Pamper your feet with regular pedicures

BEAUTY CORNER

Pamper your feet with regular pedicures

Every month, Living carries a column on beauty tips by our grooming expert, Shahnaz Husain. Send in your queries to dhliving @gmail.com.

The main problem in humid weather conditions is perspiration. The waste matter, which is secreted with sweat, has to be removed by daily washing to eliminate odour and to feel fresh and clean. The feet are areas where germs accumulate and odour lingers. 

Pay special attention to your feet while bathing. After washing them well, dry them thoroughly and apply talcum powder. If you wear closed shoes, talcum powder can be sprinkled inside the shoes. However, during summer, slippers and open sandals are the best, as they allow maximum ventilation and help the perspiration to evaporate. 

But open footwear attracts dirt and therefore, foot hygiene becomes all the more important. After a hot day outdoors, soak your feet in cold water, to which some salt has been added. 

Athlete’s foot

Athlete’s foot develops more easily during hot and humid weather because the condition sets in on skin that is damp. It starts as a fungal infection, and so if there is dry scaling on the feet, especially between the toes, with some itching, be sure to consult a dermatologist without delay.

Anti-fungal preparations are effective in dealing with the problem during the initial stages. Excessive moisture caused by excessive sweating, tight shoes and humid weather can lead to bacterial activity and this worsens the condition. Avoid socks and wear open shoes, use talcum powder and keep the feet as dry as possible. In fact, your feet should be exposed to the air outside as much as possible. 

Weekly pedicures help to keep the feet and nails clean and prevent fungal infections.  Here’s how you can treat yourself to one:
After removing  old nail polish, soak your feet in one-fourth a bucket of warm water, add half a cup of coarse salt and 10 drops of lemon or orange essential oil (if you cannot get essential oil, use half a cup of lemon or orange juice). If your feet tend to sweat a lot, use a few drops of tea tree oil to prevent germs from collecting and harvesting eggs.

Tea tree oil, besides its germicidal properties, can greatly disguise a strong odour too. Soak your feet for 10 to 15 minutes and then clean your nails with a soft-bristled brush. Use a pumice stone on the heels and side of the soles. You can also scrub your entire foot with a rough towel or loofah. Scrubbing removes germs.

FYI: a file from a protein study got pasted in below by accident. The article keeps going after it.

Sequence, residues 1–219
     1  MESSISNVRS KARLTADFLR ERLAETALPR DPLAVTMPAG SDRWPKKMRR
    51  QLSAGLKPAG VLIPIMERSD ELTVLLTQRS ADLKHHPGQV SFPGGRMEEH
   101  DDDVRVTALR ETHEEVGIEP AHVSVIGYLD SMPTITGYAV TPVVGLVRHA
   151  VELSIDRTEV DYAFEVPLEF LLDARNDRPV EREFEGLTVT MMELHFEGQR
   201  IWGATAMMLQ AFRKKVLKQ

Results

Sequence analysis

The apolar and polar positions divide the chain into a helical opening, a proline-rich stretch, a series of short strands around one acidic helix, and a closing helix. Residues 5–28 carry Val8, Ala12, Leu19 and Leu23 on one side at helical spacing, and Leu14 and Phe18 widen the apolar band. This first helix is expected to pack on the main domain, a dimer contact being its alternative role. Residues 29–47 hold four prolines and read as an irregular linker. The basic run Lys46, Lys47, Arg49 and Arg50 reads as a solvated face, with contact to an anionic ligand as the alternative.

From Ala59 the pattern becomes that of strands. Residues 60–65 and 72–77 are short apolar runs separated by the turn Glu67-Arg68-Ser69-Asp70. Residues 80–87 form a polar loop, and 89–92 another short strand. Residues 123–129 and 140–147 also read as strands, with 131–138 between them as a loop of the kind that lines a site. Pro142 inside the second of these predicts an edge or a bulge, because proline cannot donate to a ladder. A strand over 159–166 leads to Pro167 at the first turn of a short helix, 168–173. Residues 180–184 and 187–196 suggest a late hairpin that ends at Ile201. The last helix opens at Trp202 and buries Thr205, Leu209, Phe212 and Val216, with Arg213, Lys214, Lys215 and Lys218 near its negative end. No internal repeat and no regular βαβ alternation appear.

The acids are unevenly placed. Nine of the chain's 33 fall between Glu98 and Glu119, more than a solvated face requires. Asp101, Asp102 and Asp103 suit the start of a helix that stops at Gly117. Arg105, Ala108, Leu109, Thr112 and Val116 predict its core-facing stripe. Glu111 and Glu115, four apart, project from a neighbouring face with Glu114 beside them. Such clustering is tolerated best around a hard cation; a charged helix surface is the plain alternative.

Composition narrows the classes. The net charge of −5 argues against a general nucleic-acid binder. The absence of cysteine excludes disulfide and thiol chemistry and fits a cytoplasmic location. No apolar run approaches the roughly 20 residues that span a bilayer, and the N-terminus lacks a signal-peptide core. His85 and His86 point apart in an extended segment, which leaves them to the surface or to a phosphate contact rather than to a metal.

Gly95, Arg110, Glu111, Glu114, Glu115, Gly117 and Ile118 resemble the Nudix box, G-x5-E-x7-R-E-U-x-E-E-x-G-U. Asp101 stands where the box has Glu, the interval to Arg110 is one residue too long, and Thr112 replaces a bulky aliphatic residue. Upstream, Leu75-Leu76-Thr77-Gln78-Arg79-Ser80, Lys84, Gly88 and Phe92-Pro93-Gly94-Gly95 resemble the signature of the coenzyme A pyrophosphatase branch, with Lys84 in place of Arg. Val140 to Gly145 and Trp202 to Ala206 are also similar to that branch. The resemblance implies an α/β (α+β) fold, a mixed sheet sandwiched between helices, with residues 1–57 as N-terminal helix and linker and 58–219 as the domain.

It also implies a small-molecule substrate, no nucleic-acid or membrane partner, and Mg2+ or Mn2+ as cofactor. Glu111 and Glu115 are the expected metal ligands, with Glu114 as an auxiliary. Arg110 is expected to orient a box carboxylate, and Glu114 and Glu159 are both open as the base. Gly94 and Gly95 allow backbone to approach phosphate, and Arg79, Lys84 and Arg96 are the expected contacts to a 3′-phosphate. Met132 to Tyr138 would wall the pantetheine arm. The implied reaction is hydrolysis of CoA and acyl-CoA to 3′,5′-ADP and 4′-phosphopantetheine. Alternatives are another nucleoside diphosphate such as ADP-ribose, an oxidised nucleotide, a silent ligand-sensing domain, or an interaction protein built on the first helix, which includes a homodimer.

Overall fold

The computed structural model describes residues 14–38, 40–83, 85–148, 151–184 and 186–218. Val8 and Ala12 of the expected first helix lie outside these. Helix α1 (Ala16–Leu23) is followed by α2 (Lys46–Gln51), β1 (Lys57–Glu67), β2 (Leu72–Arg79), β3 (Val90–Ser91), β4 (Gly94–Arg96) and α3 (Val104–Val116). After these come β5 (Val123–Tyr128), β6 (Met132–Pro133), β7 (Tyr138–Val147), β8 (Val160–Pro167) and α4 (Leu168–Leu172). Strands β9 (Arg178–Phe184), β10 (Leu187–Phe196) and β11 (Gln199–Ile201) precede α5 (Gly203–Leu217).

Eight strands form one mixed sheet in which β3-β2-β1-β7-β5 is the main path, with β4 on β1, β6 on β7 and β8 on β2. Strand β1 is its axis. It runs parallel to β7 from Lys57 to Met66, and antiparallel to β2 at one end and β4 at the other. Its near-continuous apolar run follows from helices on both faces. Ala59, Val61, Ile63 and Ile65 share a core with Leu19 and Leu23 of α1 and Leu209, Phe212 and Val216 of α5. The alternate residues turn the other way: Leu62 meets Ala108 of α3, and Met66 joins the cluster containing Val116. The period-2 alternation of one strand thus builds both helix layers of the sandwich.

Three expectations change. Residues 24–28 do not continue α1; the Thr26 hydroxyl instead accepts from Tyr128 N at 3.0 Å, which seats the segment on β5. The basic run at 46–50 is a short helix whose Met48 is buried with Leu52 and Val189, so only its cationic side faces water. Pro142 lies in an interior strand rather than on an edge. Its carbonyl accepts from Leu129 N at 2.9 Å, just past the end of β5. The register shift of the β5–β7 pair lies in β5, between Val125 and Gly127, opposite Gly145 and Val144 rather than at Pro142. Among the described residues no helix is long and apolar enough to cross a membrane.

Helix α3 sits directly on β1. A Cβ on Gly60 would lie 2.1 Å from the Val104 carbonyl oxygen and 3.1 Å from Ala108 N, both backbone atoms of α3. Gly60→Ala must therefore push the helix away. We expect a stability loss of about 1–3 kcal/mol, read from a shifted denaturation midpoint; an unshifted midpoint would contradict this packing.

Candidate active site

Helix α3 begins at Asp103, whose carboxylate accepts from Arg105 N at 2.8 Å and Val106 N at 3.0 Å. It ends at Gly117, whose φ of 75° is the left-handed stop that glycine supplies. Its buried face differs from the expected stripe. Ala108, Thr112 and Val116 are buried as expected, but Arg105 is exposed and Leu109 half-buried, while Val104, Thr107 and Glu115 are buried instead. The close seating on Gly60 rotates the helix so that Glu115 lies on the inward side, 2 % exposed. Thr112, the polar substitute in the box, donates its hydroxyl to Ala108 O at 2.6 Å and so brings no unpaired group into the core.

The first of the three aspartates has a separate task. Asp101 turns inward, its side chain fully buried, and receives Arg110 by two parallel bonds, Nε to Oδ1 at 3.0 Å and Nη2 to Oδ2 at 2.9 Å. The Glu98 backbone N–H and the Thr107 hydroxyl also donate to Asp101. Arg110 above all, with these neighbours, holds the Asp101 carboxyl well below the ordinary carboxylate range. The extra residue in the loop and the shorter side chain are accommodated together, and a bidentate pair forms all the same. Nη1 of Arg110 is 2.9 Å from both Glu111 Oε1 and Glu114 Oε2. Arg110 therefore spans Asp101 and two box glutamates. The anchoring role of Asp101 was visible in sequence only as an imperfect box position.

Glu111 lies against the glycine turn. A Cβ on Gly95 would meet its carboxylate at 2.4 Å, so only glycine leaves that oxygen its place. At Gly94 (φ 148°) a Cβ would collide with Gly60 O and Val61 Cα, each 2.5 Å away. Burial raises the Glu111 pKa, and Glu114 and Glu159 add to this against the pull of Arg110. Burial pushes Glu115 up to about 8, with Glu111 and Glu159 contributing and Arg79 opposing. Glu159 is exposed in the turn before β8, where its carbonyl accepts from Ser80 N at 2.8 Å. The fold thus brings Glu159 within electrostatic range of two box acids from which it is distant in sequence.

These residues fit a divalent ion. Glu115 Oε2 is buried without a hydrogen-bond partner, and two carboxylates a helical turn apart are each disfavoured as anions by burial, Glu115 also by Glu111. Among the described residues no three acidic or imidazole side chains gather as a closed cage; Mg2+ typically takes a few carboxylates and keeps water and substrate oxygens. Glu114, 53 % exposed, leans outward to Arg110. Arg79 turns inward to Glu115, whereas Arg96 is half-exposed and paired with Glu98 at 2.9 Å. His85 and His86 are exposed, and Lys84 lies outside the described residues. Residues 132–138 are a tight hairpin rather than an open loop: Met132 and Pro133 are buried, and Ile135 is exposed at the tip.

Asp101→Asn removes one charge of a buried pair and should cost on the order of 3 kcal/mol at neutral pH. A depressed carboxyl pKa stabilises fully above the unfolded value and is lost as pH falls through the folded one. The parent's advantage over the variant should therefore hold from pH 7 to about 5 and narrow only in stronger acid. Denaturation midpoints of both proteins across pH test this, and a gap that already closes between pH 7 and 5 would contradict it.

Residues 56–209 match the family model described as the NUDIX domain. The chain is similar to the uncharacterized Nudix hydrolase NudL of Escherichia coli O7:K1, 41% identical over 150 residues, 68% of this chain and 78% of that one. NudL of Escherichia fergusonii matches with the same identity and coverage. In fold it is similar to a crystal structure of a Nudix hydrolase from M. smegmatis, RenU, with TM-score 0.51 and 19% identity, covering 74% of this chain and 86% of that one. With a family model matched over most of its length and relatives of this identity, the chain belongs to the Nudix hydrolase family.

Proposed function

When this is done, wash your feet with clean water. Dry thoroughly with a towel. 
If your nails need cutting, use a nail clipper. Cut toe nails squarely across. Use an emery board to smoothen them. Round off toenails to prevent in-growth of nails. Do not cut the cuticles of the toenails. Apply a moisturiser and push them back gently with a cotton bud.
 
Apply cream on your feet and nails, and massage it into the skin, working it into the cuticles. Do not use sharp instruments to clean. Pay special attention to the heels, applying more cream if needed. Use upward strokes while massaging from the toes towards the ankles. Wipe with a moist towel and then apply talcum powder. 
If you wish to apply polish, put some cotton wool between the toes. Apply nail varnish in broad strokes, from the base of the nail to the nail tips. After the first coat dries, apply the second coat of colour. 

Foot lotion: Mix together three tablespoons of rose water, two tablespoons of lemon juice and a teaspoon of pure glycerin. Apply this on your feet and leave it on for half an hour. 


Cooling foot bath: Add rose water, lemon juice and a splash of any Eau de Cologne in cold water and soak your feet in it. This cools, cleans and removes odour.

Cooling massage oil: Take 100 ml of olive oil and add two drops of eucalyptus oil, two drops rosemary oil and three drops of khus or rose oil. Mix together and store this in an airtight glass jar. Use a little of this for foot massage. It cools and protects the skin. 

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